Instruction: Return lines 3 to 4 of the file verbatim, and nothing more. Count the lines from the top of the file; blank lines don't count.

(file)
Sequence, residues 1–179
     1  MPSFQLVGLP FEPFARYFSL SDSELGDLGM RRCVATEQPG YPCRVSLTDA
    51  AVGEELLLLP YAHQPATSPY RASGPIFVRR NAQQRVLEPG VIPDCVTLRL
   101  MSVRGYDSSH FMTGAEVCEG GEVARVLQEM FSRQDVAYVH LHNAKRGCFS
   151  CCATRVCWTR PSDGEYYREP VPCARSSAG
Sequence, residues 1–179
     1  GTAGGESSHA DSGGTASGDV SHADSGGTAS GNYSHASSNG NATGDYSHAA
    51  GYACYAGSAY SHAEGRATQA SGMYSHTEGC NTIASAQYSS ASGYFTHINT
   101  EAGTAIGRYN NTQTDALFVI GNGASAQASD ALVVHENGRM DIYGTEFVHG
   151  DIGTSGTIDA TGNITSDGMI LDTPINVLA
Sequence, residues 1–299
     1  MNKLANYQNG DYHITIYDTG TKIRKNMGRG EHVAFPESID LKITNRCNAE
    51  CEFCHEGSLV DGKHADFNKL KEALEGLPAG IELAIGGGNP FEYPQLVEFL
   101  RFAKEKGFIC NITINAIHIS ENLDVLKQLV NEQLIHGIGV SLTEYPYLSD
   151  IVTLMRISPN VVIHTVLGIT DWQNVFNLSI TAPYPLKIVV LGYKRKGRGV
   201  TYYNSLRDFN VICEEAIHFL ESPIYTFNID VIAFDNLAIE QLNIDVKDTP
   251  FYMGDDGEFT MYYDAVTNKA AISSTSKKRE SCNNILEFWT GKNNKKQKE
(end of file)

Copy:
    51  AVGEELLLLP YAHQPATSPY RASGPIFVRR NAQQRVLEPG VIPDCVTLRL
   101  MSVRGYDSSH FMTGAEVCEG GEVARVLQEM FSRQDVAYVH LHNAKRGCFS